This was one of the earliest vitamin-fortified confections ever. The wrapper says that a bar of Vita-Sert gives you "100% of minimum adult requirements of listed vitamins" - not all vitamins, just some: B1, B2, C and D. Just the first four letters of the alphabet. Anything after D, you're on your own.
Best of all, if you sent the Cook Chocolate Company of Chicago (who clearly favored the letter C) a dime and 3 Vita-Sert wrappers, they would send you the "Pocket Guide For Vitamin Hunters." That's to help you find all the rest of the vitamins that you didn't get in your candy bar, I guess.
I always wish I could send away for the stuff advertised in old ads, and this is no exception - because who wouldn't love to be a Vitamin Hunter? I picture myself with a deerstalker hat and a large magnifying glass, examining things in the kitchen. Examining all the chocolate in shops, hoping against hope that I'll find ones packed with vitamins.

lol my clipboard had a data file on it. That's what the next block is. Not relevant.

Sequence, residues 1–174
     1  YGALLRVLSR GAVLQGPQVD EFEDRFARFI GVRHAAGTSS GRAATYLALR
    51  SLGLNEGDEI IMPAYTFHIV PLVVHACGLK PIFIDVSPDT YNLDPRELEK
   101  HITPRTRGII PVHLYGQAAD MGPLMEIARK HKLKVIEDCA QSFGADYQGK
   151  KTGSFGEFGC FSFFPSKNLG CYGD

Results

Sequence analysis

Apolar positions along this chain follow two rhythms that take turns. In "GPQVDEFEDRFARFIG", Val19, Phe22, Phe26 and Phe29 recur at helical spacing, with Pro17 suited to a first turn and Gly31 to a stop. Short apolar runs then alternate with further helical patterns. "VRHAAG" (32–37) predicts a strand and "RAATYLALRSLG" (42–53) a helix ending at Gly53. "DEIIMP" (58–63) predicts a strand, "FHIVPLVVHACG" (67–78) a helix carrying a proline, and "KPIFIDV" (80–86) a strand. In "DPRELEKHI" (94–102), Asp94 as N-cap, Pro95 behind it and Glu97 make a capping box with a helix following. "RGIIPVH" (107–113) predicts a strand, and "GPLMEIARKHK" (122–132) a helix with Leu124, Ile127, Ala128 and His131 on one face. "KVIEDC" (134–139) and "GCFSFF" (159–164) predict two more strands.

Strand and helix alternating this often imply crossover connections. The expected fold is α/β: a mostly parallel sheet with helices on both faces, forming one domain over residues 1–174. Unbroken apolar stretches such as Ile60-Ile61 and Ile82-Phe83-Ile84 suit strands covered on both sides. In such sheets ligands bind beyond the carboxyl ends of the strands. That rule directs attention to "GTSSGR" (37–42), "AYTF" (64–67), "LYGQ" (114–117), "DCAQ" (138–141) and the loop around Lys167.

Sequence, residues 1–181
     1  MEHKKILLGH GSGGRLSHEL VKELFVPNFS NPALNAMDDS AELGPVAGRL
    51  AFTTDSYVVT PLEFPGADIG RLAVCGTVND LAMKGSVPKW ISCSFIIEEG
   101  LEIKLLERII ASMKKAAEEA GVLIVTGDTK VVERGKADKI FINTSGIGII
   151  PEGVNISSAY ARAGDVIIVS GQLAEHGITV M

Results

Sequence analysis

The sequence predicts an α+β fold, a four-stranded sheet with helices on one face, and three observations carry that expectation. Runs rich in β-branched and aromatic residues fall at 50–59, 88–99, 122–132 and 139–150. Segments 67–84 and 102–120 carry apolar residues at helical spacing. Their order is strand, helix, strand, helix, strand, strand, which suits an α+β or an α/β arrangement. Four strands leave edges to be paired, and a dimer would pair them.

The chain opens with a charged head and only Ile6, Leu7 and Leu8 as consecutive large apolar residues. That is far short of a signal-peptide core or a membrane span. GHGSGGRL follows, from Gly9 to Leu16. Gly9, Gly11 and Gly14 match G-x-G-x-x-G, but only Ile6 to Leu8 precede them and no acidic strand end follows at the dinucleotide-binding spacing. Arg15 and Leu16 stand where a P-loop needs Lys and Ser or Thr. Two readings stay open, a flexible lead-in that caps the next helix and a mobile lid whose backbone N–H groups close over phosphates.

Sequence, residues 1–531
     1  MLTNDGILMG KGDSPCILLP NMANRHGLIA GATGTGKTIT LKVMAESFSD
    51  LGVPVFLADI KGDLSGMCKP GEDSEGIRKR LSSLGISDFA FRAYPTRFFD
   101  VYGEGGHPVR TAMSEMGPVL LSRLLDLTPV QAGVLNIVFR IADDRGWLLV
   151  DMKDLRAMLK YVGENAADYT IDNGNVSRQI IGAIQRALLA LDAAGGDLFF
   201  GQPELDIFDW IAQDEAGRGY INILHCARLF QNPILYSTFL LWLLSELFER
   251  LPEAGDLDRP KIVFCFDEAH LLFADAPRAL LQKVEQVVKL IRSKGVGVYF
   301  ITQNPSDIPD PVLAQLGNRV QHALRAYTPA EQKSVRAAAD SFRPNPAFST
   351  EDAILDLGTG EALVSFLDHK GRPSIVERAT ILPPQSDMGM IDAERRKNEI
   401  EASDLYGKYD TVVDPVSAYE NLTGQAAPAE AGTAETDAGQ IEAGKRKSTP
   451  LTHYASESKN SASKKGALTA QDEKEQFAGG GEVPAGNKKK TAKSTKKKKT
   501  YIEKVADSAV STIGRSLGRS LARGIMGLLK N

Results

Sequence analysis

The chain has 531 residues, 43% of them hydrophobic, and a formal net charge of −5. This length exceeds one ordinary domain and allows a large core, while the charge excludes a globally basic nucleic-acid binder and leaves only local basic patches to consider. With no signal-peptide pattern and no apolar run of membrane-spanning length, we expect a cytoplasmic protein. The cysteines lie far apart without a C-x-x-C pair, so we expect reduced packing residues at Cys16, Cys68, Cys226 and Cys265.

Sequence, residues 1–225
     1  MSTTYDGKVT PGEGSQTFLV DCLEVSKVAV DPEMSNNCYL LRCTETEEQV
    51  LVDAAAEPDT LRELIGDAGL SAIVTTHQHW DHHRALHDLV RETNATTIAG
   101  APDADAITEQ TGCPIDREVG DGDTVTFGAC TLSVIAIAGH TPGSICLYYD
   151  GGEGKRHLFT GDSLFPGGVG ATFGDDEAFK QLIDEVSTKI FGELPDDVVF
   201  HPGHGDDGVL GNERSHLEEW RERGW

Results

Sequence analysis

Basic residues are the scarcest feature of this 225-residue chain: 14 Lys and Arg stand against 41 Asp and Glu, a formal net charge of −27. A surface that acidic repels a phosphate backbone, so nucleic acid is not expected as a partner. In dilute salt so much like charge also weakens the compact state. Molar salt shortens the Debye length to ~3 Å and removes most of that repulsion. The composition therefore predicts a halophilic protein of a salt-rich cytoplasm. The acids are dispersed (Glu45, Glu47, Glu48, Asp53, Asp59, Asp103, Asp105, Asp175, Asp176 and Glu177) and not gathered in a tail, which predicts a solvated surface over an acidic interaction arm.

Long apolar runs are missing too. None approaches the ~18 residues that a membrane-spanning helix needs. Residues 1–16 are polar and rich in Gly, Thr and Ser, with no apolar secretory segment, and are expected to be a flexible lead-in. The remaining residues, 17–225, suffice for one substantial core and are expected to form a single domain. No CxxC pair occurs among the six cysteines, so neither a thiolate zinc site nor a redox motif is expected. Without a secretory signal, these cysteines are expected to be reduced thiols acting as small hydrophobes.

This ad (which I have just pinned on my Pinterest board, Chocolate Chronicles - the link will take you there) is quite similar to the one on the left, but features the exquisite verse, "Be Alert - Eat Vita-Sert" - and a cartoon girl before and after.
Parents' Magazine and Good Housekeeping were on board with Vita-Sert, too. In fact Good Housekeeping promised they would give you a fresh bar if you thought your Vita-Sert was "defective" or "not as advertised therein" - which sounds like kind of a bad idea, because those are pretty subjective terms. "I ate a Vita-Sert and I did not become alert! Please send me more!"
Actually, that really happened in 1943. There was a libel case filed against Cook Chocolate Co. in 1943 with reference to 367 cases of Vita-Sert. The bars were labeled as giving you all your daily vitamins and that just was - well, wrong. The FDA made them relabel - the ad above is from ca 1946, and is pretty careful to say the bars contain "needed vitamins" - not all of them.